Ds André is excited about the direction the Reforming Church aims to take in 2005. Experiential worship and growth will be encouraged and will be supervised by a representative church council and the leadership of interest groups. Directive training will be offered, focusing on increasingly empowering church members.
In the long run Ds André's vision is that “every large community will have a congregation or group where gay Christians may express their faith”. In order to achieve this, consultation is already taking place between the Reforming Church and some thirteen other gay-affirming congregations nationwide, inter alia those of Agallia and of the worldwide Universal Fellowship of Metropolitan Community Churches (UFMCC).
In addition to these “internal” ecumenical consultations, the Reforming Church today openly and publicly consults with the broader church community in South Africa, including interaction through writers, counsellors and intercessors from within its ranks. In this, the role of the media cannot be disregarded.
Ds André and the media
The long road walked by Ds André has unfortunately been characterised in the media by frequent attacks by the mainstream church leadership and membership. Fortunately, however, really open dialogue has also taken place where participants have investigated issues together. The latter is on the increase.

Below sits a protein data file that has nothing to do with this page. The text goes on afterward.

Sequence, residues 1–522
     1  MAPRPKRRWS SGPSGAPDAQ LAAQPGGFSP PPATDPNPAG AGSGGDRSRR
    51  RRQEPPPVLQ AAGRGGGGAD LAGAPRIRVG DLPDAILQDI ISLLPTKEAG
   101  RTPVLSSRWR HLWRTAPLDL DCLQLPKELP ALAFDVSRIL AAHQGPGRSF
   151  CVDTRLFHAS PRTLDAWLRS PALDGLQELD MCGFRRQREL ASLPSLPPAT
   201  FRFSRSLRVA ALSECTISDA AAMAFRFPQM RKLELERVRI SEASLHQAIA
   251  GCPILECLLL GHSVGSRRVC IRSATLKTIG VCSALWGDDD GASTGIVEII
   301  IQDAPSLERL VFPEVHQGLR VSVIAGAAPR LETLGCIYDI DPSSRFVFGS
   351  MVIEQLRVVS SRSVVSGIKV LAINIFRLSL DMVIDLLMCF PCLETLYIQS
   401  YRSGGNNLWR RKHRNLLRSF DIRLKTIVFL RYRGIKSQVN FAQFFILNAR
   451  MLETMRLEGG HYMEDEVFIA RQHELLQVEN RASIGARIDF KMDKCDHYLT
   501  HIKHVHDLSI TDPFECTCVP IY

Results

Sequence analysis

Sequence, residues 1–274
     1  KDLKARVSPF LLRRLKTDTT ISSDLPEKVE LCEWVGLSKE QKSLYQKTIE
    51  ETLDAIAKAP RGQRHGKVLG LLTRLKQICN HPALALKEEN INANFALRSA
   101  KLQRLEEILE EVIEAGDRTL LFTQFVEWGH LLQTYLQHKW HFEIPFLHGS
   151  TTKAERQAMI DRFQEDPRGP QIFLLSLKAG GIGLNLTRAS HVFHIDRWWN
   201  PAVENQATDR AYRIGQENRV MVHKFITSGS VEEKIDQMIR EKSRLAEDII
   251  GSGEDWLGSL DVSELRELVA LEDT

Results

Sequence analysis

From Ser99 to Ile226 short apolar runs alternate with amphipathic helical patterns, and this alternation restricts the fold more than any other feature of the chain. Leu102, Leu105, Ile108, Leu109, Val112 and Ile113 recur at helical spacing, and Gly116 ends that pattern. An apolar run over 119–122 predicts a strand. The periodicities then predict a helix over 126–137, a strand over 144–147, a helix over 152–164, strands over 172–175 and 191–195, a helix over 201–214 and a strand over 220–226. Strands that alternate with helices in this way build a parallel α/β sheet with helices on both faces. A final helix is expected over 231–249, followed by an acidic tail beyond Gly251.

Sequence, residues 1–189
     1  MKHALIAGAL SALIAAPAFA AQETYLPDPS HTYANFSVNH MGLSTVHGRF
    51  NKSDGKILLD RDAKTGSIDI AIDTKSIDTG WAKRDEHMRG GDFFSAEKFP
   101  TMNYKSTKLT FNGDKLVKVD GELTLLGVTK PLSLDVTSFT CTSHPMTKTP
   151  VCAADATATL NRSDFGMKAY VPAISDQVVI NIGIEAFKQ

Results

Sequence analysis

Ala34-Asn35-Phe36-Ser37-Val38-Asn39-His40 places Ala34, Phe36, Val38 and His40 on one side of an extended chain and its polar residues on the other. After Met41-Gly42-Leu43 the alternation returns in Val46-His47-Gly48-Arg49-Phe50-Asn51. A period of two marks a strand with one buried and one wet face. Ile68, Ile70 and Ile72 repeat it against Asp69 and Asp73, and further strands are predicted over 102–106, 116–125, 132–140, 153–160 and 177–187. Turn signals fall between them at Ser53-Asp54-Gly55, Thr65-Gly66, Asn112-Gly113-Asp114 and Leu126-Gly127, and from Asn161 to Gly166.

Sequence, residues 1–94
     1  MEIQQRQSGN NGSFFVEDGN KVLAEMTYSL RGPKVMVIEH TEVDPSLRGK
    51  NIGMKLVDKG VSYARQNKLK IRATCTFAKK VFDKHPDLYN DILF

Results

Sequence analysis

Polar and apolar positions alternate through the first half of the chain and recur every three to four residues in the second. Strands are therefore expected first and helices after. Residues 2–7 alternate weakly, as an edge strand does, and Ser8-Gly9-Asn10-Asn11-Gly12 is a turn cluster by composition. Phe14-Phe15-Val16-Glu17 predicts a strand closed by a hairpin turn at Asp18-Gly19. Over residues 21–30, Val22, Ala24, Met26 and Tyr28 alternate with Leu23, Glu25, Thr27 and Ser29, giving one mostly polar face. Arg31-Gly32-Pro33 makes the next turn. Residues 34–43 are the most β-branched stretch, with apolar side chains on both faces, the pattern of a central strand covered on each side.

“I say what I believe in,” Ds André replied calmly when I asked him about the ease with which he deals with obviously "difficult" situations in the media.
Some of the highlights in his public discussions came about after he had forwarded a well-substantiated letter to the Bible Society of South Africa on (mis-) translations of the so-called "gay-condemning" verses in the 1983 Afrikaans translation of the Bible, in which he also suggested better translations. The Bible Society publicly agreed to a proper revision of these verses.
A significant watershed was reached when the DRC (Dutch Reformed Church) changed its dialogue about ministering to gay members of the church to actual dialogue with such members, also consulting with Ds André and a few others of known similar convictions.
During a worship service in Ds André's congregation the general secretary of the DRC Synod, Dr Kobus Gerber, apologised as follows on behalf of the DRC: